In order to capture the true relevance of vertigo in migraine, we will focus on migraine-associated vertigo. Several studies have shown that vertigo attacks and migraine headaches often do not occur simultaneously. Brantberg and Baloh performed a study of 40 migraine patients and 40 relatives with recurrent attacks of rotational vertigo in the absence of hearing loss and found that only half of the patients reported ever experiencing headache along with vertigo.4 This was consistent with Kayan and Hood's findings that 36% of patients with vertigo and migraine experienced vertigo in headache-free periods.5 In a study by Cutrer and Baloh of 91 patients with migraine and vertigo, only 5 patients reported a consistent relationship between the headaches and vertigo.6 Oh et al. studied 24 patients with recurrent vertigo and their family members and found a migraine prevalence of 83% in probands and 70% (31/44) in relatives who also experienced recurrent vertigo. Only 60% (12/20) of probands had had some of their migraine headaches along with vertigo attacks.7 When migraine and recurrent vertigo are seen in the same patient, the temporal concurrence of these symptoms is somewhere between 30-70%.8-9
Epidemiological studies have shown a steady prevalence of migraine in the United States when care is taken to follow strict International Headache Society criteria. The rates range from 16-18% for women and 5-6% for men.10,11 The prevalence of migraine was shown to be significantly higher at 38% in a prospective study of 200 patients recruited from a dizziness clinic, with migrainous vertigo specifically seen at a prevalence of 7%.2 Interestingly, in this study, the rate of migraine in the control population of orthopedic patients was 24%, somewhat higher than population averages. In a German population survey,8 1212 of 4077 (30%) participants consenting to a telephone interview reported having experienced moderate or severe dizziness/vertigo in their lifetimes. Of the 1003 participants who eventually completed all the required interviews, 243 (24%) reported specifically experiencing vestibular vertigo. Of these 243, 40% experienced spontaneous rotational vertigo, 43% positional vertigo and 17% episodic nausea with oscillopsia or imbalance.8 A follow-up analysis of this same data sample showed that 3.2% of participants had a history of migraine-associated vertigo and 0.9% met their criteria for migrainous vertigo.12 Twenty seven percent of the 200 migraine patients in Kayan and Hood's study experienced vertigo.5 If applied to a population prevalence of migraine of 18% in women and 6% in men, this would mean that about 4.5% of women and 1.5% of men would be expected to experience migraine-associated vertigo, which are not too dissimilar to the German study's finding.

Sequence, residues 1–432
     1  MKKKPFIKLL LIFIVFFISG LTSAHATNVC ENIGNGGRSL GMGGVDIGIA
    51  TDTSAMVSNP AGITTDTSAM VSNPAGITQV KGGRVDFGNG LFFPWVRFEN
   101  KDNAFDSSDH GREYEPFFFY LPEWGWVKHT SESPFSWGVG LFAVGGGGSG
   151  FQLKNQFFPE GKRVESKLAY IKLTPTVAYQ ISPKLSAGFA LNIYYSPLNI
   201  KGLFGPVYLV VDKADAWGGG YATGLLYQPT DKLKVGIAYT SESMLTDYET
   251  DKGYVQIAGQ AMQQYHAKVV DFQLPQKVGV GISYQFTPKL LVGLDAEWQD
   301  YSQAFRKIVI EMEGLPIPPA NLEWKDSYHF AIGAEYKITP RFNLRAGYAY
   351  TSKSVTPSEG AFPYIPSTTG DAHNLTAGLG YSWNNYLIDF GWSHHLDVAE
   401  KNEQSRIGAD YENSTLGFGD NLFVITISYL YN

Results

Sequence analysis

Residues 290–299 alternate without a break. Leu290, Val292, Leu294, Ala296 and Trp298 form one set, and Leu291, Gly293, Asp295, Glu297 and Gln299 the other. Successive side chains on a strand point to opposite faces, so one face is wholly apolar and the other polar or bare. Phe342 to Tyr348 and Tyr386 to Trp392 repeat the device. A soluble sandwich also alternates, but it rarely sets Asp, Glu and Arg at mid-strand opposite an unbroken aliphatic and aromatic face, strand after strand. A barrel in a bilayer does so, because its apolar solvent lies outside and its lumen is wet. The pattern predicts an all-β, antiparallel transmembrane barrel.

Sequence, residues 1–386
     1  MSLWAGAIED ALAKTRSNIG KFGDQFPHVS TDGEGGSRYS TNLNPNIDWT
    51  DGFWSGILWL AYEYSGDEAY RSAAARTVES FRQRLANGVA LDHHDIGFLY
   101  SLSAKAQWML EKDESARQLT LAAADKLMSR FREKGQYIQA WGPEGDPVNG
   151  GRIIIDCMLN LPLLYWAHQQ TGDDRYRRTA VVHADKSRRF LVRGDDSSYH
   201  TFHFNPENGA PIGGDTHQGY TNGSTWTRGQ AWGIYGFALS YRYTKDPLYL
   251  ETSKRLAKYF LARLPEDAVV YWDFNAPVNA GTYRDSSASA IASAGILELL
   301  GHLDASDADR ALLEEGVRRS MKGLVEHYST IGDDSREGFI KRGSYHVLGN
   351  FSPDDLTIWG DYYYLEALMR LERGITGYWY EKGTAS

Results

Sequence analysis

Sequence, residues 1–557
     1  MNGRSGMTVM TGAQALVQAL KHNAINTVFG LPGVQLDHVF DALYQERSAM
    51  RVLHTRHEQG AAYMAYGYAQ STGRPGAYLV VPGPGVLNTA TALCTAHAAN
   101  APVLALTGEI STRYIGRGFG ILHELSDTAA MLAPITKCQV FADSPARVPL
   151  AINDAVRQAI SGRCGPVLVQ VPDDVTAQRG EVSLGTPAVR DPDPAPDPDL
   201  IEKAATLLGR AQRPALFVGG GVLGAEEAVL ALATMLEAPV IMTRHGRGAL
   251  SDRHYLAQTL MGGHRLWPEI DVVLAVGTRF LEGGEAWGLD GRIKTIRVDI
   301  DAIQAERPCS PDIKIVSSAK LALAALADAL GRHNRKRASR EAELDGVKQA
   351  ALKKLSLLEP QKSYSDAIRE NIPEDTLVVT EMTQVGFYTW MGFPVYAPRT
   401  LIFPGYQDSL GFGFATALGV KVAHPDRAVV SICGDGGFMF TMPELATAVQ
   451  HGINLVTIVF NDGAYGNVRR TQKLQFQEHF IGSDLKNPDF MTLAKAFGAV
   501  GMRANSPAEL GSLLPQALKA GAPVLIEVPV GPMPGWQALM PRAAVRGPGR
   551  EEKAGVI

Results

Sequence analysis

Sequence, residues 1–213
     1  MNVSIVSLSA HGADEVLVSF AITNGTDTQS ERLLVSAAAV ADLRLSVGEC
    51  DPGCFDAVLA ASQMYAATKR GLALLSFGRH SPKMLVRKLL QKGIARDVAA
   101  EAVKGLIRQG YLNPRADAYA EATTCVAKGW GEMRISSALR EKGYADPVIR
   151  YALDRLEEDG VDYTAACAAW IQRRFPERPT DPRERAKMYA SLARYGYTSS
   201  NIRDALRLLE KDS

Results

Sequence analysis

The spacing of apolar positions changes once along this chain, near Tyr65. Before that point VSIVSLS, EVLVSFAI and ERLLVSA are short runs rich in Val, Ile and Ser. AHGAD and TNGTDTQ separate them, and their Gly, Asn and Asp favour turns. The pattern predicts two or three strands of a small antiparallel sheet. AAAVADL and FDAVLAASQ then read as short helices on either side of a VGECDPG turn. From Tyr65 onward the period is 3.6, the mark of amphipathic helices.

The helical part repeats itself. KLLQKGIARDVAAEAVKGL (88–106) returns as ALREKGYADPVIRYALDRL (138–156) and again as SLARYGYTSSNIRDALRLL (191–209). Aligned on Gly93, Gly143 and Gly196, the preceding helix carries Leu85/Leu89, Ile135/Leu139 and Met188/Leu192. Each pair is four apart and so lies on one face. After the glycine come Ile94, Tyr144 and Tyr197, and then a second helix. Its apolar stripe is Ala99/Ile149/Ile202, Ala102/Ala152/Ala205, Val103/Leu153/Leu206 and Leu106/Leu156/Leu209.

1. Benign recurrent vertigo of childhood